Thin film deposition can be defined as the method of creating as well as depositing thin film coating onto a substrate material. These thin film coatings are made of several materials, including metals, oxides, compounds, and so on. They have different features and characteristics that are leveraged to modify or enhance some elements of the substrate performance. For instance, some are transparent, some are long-lasting and scratch-resistant, and some improve or reduce the conductivity of electricity or transmission of signals.
Thin film deposition is an important manufacturing step involved in the production of several opto-electronic, solid state and medical equipment, such as consumer electronics, optics, fiber lasers, semiconductors, LED displays, compound semiconductors, microscopy & microanalysis sample sliders, medical implants, and the list goes on. Different types of technologies and methods are used to apply thin film coatings, and several types of tools and equipment are used to streamline or improve the method of the thin film.
There is no specific or particular, perfect thin film deposition system or method. You can choose the technique or configuration method depending on the performance and production needs that are unique to your application.
Role of Physical Vapor Deposition (PVD) in Thin Film Deposition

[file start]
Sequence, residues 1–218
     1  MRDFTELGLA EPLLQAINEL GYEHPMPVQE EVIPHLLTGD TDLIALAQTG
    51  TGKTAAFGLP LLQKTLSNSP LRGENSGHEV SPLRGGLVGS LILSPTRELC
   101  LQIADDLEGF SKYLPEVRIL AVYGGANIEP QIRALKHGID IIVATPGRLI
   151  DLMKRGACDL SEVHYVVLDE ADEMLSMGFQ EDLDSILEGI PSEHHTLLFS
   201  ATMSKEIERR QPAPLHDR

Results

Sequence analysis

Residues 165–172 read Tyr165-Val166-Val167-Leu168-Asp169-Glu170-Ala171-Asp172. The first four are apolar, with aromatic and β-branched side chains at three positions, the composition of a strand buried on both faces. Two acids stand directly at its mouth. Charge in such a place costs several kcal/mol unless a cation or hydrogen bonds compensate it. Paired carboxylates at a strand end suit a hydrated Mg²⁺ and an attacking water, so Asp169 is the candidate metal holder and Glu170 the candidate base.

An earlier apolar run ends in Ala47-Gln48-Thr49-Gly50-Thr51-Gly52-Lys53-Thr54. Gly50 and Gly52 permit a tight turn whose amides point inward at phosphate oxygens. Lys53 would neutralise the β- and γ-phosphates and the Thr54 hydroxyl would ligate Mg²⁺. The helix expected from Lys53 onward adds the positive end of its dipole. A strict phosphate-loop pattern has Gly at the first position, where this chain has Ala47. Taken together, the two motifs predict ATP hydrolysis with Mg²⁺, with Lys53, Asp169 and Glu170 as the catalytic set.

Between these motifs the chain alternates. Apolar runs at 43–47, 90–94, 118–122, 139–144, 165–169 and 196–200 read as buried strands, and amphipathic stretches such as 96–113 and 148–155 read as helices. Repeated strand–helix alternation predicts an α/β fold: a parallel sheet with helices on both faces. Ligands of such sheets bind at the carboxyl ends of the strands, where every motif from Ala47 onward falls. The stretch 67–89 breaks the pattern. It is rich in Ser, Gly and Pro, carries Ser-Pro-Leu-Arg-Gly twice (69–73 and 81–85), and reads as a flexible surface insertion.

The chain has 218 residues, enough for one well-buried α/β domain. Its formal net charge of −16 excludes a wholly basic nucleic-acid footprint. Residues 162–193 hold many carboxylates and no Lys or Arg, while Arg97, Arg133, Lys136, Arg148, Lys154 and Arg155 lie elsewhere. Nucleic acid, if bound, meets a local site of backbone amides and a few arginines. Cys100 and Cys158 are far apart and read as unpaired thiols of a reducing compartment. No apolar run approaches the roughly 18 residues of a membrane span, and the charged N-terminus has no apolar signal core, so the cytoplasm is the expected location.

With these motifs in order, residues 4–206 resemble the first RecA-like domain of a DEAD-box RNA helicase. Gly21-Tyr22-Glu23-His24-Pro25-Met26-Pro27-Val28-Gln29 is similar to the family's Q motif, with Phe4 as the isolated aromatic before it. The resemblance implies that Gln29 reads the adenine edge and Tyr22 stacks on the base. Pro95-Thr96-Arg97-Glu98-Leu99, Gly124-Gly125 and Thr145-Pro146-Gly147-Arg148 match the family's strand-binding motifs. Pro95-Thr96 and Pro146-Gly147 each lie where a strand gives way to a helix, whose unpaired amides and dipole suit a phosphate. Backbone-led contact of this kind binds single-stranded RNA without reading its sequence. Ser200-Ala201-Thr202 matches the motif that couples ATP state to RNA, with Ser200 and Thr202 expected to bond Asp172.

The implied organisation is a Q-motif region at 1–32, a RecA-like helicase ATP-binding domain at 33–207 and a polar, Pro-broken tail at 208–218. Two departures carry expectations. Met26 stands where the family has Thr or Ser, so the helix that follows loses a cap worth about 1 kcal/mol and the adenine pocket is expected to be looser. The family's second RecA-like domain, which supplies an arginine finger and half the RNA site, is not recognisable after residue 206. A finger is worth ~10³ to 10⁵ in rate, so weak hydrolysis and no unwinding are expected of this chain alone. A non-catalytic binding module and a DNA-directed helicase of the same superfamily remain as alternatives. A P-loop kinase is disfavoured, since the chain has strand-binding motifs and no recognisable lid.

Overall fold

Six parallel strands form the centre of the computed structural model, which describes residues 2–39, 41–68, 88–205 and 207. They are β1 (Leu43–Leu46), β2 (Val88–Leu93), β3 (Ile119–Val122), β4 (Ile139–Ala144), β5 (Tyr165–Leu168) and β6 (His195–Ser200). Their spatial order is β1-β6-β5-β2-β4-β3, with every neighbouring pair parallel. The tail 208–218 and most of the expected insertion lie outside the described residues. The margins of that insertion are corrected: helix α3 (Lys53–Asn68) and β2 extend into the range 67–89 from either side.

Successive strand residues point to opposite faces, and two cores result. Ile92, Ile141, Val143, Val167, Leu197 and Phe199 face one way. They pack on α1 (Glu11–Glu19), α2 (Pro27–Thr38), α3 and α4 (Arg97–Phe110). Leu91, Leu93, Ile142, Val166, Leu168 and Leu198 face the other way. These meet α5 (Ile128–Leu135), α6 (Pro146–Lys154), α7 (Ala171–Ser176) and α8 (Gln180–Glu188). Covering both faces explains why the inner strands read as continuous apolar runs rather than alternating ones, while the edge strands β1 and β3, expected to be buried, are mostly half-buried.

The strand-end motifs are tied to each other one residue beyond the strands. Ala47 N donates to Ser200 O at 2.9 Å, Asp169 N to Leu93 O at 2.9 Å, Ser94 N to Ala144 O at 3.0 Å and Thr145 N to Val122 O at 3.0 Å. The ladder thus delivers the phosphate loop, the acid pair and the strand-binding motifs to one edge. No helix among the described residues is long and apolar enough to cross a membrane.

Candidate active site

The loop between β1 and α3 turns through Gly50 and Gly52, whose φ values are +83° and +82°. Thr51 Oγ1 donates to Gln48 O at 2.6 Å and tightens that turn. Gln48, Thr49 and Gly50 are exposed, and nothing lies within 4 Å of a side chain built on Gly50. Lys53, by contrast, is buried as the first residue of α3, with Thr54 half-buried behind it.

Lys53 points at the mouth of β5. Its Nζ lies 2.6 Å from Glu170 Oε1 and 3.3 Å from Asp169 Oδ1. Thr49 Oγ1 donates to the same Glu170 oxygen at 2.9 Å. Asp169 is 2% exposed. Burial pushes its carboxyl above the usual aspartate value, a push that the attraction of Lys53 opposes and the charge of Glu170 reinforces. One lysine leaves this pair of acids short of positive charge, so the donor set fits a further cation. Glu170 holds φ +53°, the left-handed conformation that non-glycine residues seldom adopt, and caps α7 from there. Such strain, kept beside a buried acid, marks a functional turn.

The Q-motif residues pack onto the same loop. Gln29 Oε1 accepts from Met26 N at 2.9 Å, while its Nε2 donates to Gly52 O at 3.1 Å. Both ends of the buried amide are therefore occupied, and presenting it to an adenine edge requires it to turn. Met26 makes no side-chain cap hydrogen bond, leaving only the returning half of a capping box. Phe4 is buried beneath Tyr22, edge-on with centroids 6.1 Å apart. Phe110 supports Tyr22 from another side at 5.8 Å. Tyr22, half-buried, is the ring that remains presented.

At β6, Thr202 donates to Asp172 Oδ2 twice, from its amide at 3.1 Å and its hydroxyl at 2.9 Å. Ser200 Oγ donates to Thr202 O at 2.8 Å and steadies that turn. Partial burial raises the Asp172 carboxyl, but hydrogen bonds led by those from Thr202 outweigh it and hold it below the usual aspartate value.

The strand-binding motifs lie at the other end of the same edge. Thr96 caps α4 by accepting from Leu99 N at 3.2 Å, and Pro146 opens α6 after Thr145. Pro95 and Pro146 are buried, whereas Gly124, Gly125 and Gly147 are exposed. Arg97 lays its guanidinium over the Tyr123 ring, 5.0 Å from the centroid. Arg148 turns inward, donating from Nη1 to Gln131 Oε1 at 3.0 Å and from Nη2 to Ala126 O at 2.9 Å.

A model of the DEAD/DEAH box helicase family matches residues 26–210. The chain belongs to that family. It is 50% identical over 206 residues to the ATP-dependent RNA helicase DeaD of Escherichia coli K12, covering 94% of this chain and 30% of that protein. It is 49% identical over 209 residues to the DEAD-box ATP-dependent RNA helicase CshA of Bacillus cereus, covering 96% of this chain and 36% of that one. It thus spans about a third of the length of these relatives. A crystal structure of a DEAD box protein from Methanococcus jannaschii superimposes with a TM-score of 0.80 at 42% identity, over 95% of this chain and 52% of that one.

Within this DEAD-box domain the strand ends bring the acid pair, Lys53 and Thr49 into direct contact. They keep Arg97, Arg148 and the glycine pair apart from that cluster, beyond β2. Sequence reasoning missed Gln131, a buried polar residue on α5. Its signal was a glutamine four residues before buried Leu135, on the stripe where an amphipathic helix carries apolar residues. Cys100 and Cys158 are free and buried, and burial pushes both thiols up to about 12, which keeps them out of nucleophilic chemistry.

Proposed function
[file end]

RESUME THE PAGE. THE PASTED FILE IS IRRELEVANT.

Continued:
Physical vapor deposition is a term used to describe a group of thin film deposition techniques that consist of vaporizing a solid material in a vacuum and then depositing that specific material onto a substrate. Coatings created during this frame are highly durable, and scratch-resistant as well as corrosion-resistant. PVD or Physical vapor deposition is highly useful in device production ranging from solar cells to eyeglasses to semiconductors.
There are plenty of benefits of physical vapor deposition. One of the most important benefits is that it creates a hard coating that is resistant to corrosion and scratching. In addition to this, it also creates thin films that have the efficiency to bear high temperatures. The system of PVD can be integrated with in-situ controls that allow for feedback and stability via the process.
Physical vapor deposition also includes drawbacks. One of the major drawbacks is it is expensive and requires a larger investment than other thin film deposition processes. Depending on the method of PVD, the cost may vary. For instance, evaporation is an inexpensive type of PVD, on the other hand, ion beam sputtering is an expensive option. Magnetron sputtering is more costly than any other method because it comes with better scalability.
Thin Film Markets & Applicable Coatings
Thin film coatings are widely used in various applications for different purposes. They are used to protect displays from scratches, create a degree of reflectivity on the lens, and more. Opto-electronics and display, medicine and healthcare, semiconductors, and microscopy are some of the markets where thin film coatings are used.